Secure Your Identity This Holiday Season 2017

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Identity Thieves LOVE the Holidays 

The holiday season is an exciting time for consumers, and even more exciting for identity thieves. Criminals know that good cybersecurity practices are often put on the back burner when consumers are shopping for the perfect holiday gift. 

Fraudsters rely on you to “click before you think” when browsing the hoard of online discounts and holiday sales. Without the proper preventative measures put in place, the holidays can leave you extremely vulnerable to various identity crime tactics and scams.  


Prime Time for Cyber Crime

It’s no secret that the holidays are also prime time for cybercriminals. Research confirms what identity thieves already assume: 92 percent of consumers prefer to shop online. 

However, trends have historically shown spikes in cybercrime during the holiday months. Enigma Software’s 2015 report showed a 76 percent spike in malware infections just on Cyber Monday.

Additionally, the Anti-Phishing Working Group’s (APWG) noted that phishing attacks significantly increased between October and December 2016. The organization reported 51,153 phishing emails in October, 64,324 in November, and an even more significant spike in December with nearly 96,000 reported attacks.

 

Why We Keep Falling for Online Scams

Fraudsters typically use two common methods to target consumers for their personal and financial data online. Let’s explore how emails, malware and spoofed websites can be used for a variety of holiday scams.

Spoofed Websites

Spoofed websites – also sometimes called phishing sites – are extremely common during the holiday season. In fact, the APWG found 119,000 unique phishing sites impersonating over 300 different brands in November 2016.

Criminals set up fake websites to steal your personal information. These sites will often replicate well-known companies like Target, Amazon or Walmart to further convince you of their legitimacy. In short, criminals hope that you trust the site enough to provide sensitive information like Social Security numbers, credit and debit card information and other personal data.

You may visit a page that visually looks familiar. But spoofed websites will have URL links that do not align with a company’s official website. While some may be easy to spot, more sophisticated criminals can create URLs that closely mirror legitimate sites. Because of the fast-paced nature of holiday shopping, criminals hope you’re too fixated on that too-good-to-be-true deal than notice whether the site is legitimate.

Phishing and Spam Emails

Phishing emails go hand-in-hand with spoofed websites, also aiming to impersonate well-known companies that are familiar to you. Spam emails can also contain harmful software, or malware, disguised as links or attachments within the email itself.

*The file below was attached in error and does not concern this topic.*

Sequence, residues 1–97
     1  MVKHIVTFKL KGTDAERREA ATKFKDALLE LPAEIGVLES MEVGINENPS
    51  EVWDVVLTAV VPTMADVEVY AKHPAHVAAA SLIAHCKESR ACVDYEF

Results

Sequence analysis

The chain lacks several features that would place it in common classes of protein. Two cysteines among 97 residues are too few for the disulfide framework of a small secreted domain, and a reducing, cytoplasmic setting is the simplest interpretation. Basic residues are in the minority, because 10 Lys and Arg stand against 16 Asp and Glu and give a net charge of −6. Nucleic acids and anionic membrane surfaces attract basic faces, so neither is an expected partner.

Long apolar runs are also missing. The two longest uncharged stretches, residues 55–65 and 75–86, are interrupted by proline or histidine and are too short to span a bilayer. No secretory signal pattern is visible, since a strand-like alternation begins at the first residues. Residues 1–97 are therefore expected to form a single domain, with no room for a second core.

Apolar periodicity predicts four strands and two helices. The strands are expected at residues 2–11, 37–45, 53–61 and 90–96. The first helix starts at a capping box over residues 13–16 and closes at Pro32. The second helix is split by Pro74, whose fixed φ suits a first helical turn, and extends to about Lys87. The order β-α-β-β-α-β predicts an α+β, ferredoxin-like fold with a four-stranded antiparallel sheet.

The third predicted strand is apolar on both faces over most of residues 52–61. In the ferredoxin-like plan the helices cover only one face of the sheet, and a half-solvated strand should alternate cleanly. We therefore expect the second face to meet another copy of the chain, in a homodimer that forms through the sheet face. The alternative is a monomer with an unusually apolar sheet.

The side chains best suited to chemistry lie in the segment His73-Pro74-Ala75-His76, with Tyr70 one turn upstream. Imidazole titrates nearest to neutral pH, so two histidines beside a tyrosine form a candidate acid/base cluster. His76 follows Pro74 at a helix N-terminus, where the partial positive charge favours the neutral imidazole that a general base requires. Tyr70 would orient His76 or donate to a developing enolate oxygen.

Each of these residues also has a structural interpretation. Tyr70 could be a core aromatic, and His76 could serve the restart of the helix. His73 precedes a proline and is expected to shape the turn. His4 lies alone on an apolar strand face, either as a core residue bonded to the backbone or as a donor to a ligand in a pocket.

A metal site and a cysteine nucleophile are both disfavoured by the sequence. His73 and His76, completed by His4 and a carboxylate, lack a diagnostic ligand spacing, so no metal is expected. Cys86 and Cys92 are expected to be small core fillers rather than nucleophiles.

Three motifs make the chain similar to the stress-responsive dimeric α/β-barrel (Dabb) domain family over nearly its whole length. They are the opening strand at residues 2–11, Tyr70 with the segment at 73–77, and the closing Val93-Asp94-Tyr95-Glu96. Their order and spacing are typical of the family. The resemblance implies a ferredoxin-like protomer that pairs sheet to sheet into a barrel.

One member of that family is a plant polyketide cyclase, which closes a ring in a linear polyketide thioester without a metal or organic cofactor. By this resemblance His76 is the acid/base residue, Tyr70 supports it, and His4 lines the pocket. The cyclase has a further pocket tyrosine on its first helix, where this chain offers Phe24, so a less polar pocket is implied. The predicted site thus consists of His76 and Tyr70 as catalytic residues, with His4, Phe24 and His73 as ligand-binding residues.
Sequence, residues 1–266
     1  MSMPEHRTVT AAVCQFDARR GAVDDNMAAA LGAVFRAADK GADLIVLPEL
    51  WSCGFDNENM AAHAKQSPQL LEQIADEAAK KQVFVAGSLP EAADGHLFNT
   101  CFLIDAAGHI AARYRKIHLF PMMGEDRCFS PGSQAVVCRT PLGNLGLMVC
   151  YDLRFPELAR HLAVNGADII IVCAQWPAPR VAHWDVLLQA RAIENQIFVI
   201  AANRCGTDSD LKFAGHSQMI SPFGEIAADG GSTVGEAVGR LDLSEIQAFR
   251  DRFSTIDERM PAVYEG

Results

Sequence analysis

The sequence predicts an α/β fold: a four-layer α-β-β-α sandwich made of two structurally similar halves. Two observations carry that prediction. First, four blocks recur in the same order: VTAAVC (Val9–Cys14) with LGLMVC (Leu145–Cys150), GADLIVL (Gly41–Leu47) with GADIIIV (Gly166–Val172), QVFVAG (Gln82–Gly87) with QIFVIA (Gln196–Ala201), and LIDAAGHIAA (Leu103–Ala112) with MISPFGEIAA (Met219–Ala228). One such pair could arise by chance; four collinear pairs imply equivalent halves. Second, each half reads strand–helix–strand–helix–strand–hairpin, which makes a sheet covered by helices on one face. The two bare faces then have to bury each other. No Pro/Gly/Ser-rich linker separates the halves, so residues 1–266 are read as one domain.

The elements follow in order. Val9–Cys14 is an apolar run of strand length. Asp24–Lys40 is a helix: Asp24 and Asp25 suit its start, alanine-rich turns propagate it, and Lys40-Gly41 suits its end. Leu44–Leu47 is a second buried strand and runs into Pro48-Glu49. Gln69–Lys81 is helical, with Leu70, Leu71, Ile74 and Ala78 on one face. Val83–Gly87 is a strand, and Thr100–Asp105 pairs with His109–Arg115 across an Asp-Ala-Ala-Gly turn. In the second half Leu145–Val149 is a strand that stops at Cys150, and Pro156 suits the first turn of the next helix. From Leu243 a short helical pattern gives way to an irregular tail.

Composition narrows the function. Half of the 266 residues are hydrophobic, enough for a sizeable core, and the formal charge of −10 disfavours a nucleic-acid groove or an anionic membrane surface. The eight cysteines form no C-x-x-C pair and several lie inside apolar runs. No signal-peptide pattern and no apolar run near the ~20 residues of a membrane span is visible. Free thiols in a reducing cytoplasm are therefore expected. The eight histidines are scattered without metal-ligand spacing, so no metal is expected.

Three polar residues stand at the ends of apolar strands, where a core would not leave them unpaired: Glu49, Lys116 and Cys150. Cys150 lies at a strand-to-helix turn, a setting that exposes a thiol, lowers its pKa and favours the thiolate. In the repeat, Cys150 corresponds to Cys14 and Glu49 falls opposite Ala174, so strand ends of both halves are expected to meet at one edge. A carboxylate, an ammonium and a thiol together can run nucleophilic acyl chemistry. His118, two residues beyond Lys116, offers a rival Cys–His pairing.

What is Malware?

Malware can pose a major risk to the sensitive data you store and share on your devices. There are many types of malware that carry out a variety of functions. One type of malware referred to as a “Trojan” will disguise itself as a legitimate file like Word documents and images.
A “virus,” on the other hand works to infect the existing files to cause damage to your device. A third type of malware, known as “spyware,” can track your keystrokes and other user behaviors to capture sensitive information like login credentials, financial account numbers and more.
Related content: The Need for Anti-Malware Protection This Holiday Season

Holiday 2017 ID Protection Tips

It would be difficult to avoid the Internet altogether during the holiday season – especially when gift shopping is much more convenient online.  Use these tips to help secure your identity for the upcoming holiday season:

  • Avoid downloading or “redeeming” coupons, promotional or discount codes from emails and pop-ups. These are often used to convince you to click or download malicious software to your device.
  • Keep an eye on your financial accounts, bank statements and credit activity, and report any suspicious activity as soon as possible.
  • Be wary of deals you find on social media websites or search engines. Sophisticated cybercriminals can manipulate spoofed sites to show up in search engine results or social media ads.
  • Double check deals on the company’s official website to determine if coupons or promo discounts are legitimate. If the deals don’t match, it’s more than likely a phishing or spam email.
  • As always, never provide login, personal or financial information on unsecured sites. Look for “https://” at the beginning of the web address and the green lock next to it to ensure you’re visiting a secured site.
  • Use anti-malware or anti-virus software, and be sure that it is properly installed and updated regularly.

 

The views and opinions expressed in this article are those of EZShield Inc. alone and do not necessarily reflect the opinions of any other person or entity, including specifically any person or entity affiliated with the distribution or display of this content.

Laura Bruck, VP Marketing at EZShield Fraud Protection
Laura Bruck joined EZShield in February of 2009, leading their marketing efforts and working with sales...
Read more about Laura Bruck.

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